Stanford, CA–Stanford student Katherine Van Kirk, ’19, has paired modern technology with old-fashioned and painstaking detective work to reveal several images hidden beneath the surface of artist Richard Diebenkorn’s painting Window (1967). What makes the find particularly exciting is that Van Kirk discovered figurative images executed just as Diebenkorn, Stanford BA ‘49, transitioned from his identification as a founder of the Bay Area Figurative movement to pursuing more abstract work. Now, Van Kirk’s findings are on view at the Cantor in the exhibition Through Diebenkorn’s Window: Transitions in Time, which includes an interactive display that allows visitors to peel back the layers of the painting for themselves.
Van Kirk, an engineering physics major, always dreamed of finding an underpainting, images hidden beneath the surface of a finished work. When the Cantor’s Art+Science Learning Lab put out a call for art-related research projects, she put in a proposal and was selected as a Chen-Yang Fellow in the lab. Soon she was working closely with Susan Roberts-Manganelli, director of the lab, who armed Van Kirk with an infrared camera and sent her into the Cantor’s galleries to see what she could find. “Our lab is the place where science students get to use their analytical skills in new ways,” Roberts-Manganelli said. When Van Kirk pointed the camera at Diebenkorn’s painting, Window, only the second painting she tested, she was amazed to see something revealed under the surface.
With a grant from the Bank of America 2016 Art Conservation Project (ACP), the Art+Science Lab was able to purchase a special infrared reflectography camera, which is capable of more penetrating imaging. Van Kirk has spent hours using the camera to create a patchwork quilt of images of each part of the painting, which she then stitched together into a whole.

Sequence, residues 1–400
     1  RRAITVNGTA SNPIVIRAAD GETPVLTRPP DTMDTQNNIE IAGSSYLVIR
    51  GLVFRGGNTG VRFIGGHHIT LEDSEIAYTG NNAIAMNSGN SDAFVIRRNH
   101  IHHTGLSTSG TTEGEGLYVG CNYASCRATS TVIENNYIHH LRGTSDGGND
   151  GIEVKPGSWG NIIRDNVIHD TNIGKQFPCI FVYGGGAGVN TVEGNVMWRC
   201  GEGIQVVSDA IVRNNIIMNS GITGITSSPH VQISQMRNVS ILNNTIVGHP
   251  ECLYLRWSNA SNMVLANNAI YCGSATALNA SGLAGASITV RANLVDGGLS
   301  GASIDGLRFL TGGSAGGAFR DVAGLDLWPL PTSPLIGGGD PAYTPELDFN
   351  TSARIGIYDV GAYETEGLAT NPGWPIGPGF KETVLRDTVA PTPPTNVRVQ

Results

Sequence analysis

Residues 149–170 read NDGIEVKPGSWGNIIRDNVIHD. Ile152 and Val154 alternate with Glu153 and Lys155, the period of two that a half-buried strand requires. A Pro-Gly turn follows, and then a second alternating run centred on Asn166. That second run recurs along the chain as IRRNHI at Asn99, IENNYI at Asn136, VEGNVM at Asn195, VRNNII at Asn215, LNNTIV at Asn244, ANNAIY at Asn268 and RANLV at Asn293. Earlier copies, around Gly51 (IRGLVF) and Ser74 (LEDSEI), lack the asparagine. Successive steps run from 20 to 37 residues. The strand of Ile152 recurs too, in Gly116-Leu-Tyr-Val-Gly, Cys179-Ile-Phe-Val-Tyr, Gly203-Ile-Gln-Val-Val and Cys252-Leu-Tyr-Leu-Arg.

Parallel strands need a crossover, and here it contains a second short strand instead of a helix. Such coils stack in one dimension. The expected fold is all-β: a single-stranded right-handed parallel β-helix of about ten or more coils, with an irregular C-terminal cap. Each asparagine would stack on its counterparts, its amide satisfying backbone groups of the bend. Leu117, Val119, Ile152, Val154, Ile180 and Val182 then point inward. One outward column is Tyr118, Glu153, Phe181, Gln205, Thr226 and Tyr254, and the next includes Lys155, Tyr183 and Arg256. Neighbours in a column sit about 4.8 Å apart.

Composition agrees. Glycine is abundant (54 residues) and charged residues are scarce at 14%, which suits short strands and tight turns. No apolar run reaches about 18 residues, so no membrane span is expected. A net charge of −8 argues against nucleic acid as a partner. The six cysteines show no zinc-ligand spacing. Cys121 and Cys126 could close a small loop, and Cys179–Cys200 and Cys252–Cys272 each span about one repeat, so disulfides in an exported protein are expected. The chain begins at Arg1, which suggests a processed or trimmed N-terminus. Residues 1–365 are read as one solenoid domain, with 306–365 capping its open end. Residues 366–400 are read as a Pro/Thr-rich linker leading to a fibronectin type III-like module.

"It feels like every day we uncover a new detail below the surface. We initially thought there was only one alternate composition, but just recently, we discovered another layer,” Van Kirk said. “At its heart, my interdisciplinary research is detective work combining art and physics. It’s an incredible way to be spending my time at Stanford."
The images that have been revealed include a sketch of a pair of glasses. The glasses match those worn by Diebenkorn himself, as seen in a self-portrait the artist did in a sketchbook that is part of the Cantor’s collection. These and other images are evidence—in a single painting—of the transitions Diebenkorn was making in his art.
“Katherine’s work is an example of how the Cantor is engaging undergraduates in unique research opportunities and helping create bridges across the campus between the arts and sciences,” said Susan Dackerman, John & Jill Freidenrich Director at the Cantor. “It’s exciting to see technology being used to add to our understanding of an artist’s process and the evolution of his work.”
To have found the multiple compositions beneath a work of Diebenkorn’s adds another chapter to the Cantor’s deep connection with the artist and his estate. Throughout his long career, Diebenkorn used a sketchbook—a "portable studio," as he called it—to capture his ideas. The resulting collection of sketchbooks contains drawings that span the artist's career including gestural renderings of everyday items and a multitude of images of the people who surrounded him over the years, revealing his fascination with the human figure.
After Diebenkorn's death in 1993, his wife, Phyllis, Stanford BA '42, made a gift of over two dozen sketchbooks to the Cantor Arts Center in 2014. These sketchbooks proved invaluable in helping Van Kirk understand the significance of the images she found, explained Jessica Stewart, associate curator of academic engagement, who has worked with Van Kirk on the preparation of the exhibition.
The new exhibition allows visitors to see beneath the surface of the painting using interactive digital media. The artist’s sketchbooks, also on view, support Van Kirk’s conclusions about her discoveries.
This exhibition is organized by the Cantor Arts Center. We gratefully acknowledge support from the Bank of America Art Conservation Project.